Santa Barbara seniors enjoy mild temperatures, health & fitness options, and plenty of places to play and socialize
Despite the hefty price tag – Santa Barbara‘s cost of living is 122 percent higher than the national average – the city’s Mediterranean climate, diverse housing options and abundance of social and recreational activities for seniors combine to make Santa Barbara one of the top places to retire.
“Santa Barbara has an almost perfect climate with year-round temperatures mainly in the 70s. With a population of around 91,000, it is not too big, but it still has so many wonderful amenities,” said Renee Grubb, co-owner of Village Properties real estate agency. “There are a lot of cultural events, including a symphony, museums, and numerous beautiful theaters. There is also excellent shopping in the downtown area and endless dining opportunities as Santa Barbara ranks as one of the cities with the most restaurants per capita in the USA.”
The ocean breezes rising off the Pacific help moderate temperatures in Santa Barbara. Summers are cooler and winters much warmer than California’s more inland communities. Temperatures average in the high 60s in the winter and rarely rise above the 70s in summer. The city’s climate mimics that of cities in the Mediterranean region of Europe, and thus Santa Barbara has been dubbed “The American Riviera.” The mild temperatures make it easy for seniors to be outdoors and stay active.
Plenty of Places to Play
Santa Barbara’s location between Santa Ynez Mountains and the Pacific Ocean offers a host of recreation opportunities for retirees. The mountains provide some of the best hiking in the state, with trails for both the novice and experienced hiker, and several outfitters offer guided hikes for seniors. The Santa Barbara portion of the California Coastal Trail stretches from the Arroyo Burro Estuary to the end of East Beach and the Andrée Clark Bird Refuge. The trail system is popular with walkers, cyclers and equestrians and is even wheelchair accessible. The waters off the Santa Barbara coastline are perfect for sailing, sea kayaking, paddleboarding or surfing. Stearns Wharf is a great place to whale watch – or people watch. Bicycling is not only a good form of exercise but is also a popular means of transportation with dozens of bike paths and trails crisscrossing the city.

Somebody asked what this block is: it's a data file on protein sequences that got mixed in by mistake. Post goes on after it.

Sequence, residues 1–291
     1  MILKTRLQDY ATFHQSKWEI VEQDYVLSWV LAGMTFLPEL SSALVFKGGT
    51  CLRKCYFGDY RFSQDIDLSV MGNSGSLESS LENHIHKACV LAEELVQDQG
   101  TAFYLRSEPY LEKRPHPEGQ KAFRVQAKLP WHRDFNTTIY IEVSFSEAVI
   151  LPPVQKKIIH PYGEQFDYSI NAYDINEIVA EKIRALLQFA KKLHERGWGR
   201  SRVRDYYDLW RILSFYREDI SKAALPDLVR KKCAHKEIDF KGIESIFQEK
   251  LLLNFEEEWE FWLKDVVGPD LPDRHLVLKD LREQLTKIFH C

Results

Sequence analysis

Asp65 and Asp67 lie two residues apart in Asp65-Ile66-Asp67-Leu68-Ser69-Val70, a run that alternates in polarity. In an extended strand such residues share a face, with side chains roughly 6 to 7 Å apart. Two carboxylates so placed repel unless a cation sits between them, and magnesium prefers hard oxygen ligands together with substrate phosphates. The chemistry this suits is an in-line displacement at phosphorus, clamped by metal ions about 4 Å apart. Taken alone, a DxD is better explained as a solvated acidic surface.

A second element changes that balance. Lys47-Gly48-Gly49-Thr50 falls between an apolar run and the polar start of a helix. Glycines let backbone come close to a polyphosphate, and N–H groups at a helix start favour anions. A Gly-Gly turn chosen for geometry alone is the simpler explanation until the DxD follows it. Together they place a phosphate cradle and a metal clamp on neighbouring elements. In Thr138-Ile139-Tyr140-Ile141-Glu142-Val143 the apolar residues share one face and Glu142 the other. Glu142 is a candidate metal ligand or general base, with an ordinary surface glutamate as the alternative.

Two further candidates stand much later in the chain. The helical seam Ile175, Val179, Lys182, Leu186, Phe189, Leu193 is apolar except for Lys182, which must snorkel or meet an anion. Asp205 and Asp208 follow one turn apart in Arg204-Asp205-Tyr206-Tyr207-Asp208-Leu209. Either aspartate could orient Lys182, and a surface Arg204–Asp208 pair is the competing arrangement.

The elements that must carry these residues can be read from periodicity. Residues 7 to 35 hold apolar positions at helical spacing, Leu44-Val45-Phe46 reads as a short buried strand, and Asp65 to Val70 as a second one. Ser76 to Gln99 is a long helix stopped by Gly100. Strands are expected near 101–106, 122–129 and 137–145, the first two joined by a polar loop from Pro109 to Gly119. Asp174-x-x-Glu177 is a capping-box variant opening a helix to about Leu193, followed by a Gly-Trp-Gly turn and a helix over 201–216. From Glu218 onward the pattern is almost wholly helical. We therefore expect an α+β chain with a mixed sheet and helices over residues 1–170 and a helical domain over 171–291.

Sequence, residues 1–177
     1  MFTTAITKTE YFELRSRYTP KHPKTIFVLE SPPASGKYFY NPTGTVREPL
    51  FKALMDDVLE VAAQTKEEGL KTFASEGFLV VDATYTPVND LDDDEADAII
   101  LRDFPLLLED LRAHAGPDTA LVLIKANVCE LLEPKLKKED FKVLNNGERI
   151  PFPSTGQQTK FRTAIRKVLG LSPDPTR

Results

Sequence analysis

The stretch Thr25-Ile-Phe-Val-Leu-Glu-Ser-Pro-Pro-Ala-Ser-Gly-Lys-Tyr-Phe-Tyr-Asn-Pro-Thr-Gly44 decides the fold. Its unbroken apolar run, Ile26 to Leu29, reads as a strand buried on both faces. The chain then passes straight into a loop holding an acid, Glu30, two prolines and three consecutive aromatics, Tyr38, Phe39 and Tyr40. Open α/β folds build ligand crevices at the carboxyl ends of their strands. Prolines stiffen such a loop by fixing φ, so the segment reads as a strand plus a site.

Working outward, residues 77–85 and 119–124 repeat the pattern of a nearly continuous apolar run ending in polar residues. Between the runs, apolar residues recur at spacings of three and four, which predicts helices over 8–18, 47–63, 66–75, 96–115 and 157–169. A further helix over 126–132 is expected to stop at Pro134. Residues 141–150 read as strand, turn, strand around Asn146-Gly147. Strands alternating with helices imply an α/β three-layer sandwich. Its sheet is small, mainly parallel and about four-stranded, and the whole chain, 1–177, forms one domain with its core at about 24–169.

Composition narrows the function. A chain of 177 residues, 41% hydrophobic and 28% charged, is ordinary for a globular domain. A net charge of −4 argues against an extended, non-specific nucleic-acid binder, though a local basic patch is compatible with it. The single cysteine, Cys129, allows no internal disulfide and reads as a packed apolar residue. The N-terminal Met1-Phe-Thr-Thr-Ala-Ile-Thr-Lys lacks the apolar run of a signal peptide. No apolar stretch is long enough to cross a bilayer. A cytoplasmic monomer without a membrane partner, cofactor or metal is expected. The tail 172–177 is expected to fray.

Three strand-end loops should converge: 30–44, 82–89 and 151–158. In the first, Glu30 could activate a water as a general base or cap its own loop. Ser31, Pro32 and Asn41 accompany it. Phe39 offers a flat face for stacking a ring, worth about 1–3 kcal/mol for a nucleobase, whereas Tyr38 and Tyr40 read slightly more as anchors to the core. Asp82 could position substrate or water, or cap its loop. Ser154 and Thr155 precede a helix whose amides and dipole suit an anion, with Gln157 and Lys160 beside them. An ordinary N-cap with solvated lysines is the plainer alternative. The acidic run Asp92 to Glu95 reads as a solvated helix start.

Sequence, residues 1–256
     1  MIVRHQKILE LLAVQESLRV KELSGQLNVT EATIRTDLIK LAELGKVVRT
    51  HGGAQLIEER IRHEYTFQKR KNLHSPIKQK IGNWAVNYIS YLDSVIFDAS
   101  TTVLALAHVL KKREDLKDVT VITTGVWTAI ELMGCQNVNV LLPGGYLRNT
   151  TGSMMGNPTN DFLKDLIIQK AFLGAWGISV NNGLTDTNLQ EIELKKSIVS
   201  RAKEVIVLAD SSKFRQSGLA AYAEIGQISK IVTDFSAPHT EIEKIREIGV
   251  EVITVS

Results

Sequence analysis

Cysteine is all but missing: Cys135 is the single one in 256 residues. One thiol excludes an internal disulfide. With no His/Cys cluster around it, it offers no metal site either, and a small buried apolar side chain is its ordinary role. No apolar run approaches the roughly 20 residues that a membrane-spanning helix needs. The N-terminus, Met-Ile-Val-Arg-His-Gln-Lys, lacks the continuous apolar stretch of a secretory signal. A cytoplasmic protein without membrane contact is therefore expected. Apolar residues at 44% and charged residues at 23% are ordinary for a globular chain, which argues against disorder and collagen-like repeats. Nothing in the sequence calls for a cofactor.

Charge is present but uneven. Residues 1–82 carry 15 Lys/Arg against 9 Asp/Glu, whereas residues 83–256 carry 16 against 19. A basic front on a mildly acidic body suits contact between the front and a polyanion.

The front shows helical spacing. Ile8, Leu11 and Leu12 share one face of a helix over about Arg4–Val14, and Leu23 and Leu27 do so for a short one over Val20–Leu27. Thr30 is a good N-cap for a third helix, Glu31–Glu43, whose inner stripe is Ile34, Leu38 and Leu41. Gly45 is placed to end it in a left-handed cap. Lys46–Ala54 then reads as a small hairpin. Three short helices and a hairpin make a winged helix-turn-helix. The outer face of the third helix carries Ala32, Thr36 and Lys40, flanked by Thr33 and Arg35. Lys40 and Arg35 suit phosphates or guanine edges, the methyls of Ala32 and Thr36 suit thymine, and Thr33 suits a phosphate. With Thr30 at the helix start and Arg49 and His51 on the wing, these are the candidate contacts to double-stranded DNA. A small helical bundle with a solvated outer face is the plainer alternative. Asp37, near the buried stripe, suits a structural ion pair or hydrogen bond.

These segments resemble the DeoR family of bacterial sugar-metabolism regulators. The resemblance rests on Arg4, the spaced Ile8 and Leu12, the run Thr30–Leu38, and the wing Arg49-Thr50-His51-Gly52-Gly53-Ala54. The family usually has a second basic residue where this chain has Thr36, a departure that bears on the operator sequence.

In addition to the more than two dozen parks and open spaces, the city also operates two recreation centers for seniors that offer fitness classes, dance classes, lawn bowling clubs and arts and crafts activities. The parks and recreation department also offers sports programs, such as golf, tennis, swimming and basketball, specifically geared toward seniors.
“It is very easy to be outdoors and active in Santa Barbara because there are many beautiful parks, beaches, hiking and horse riding trails,” Grubb says. “Beautiful, safe beaches and mountains make for a stunning backdrop and great playground for the active senior adult.”
Arts in Abundance
“Santa Barbara’s historic beautiful downtown offers unparalleled art and culture for this size community,” says Anne Monroe, Social Services Director for Valle Verde senior living community. Valle Verde is one of 34 senior living communities in Santa Barbara. Monroe says an important contributor to the city’s vibrant arts and culture scene is the University of California Santa Barbara which hosts free lectures, performances and film screenings as well as continuing education classes through its Extension office. Santa Barbara is home to the Arlington Theatre, which hosts the annual Santa Barbara International Film Festival; the Lobero Theatre, which hosts smaller concerts; and the Granada Theater downtown.
The Santa Barbara Bowl amphitheater hosts outdoor concerts and offers spectacular views of the mountain canyon. Santa Barbara also boasts a symphony orchestra and opera company, which hold performances throughout the year, and the parks and recreation department sponsors free concerts in Chase Palm Park every Thursday in July. Residents also enjoy a full calendar of festivals, including the annual Old Spanish Days-Santa Barbara Fiesta in August, which celebrates the city’s Spanish heritage, and the Santa Barbara Arts and Crafts Show.
Health and wellness are major quality-of-life issues for seniors, and Grubb says Santa Barbara ranks high in that category as well.
“In addition to many home care agencies in the area, there are three 55+ communities and 34 senior living communities in Santa Barbara. There are also two state-of-the art hospitals and a great transportation network for seniors to get them to and from doctor’s appointments,” she said. “There are local farmers markets six times a week, a public market and easily accessible shopping areas.”
Santa Barbara boasts nearly 1,000 non-profit organizations – including the Central Coast Commission for Senior Citizens-Area Agency on Aging – which not only offer assistance to seniors in need but also give retirees opportunities to volunteer and become involved in philanthropic work and to socialize with others in the community. Research shows that seniors who are social and involved in their community have a lower risk of depression or other mental maladies and tend to have improved physical health.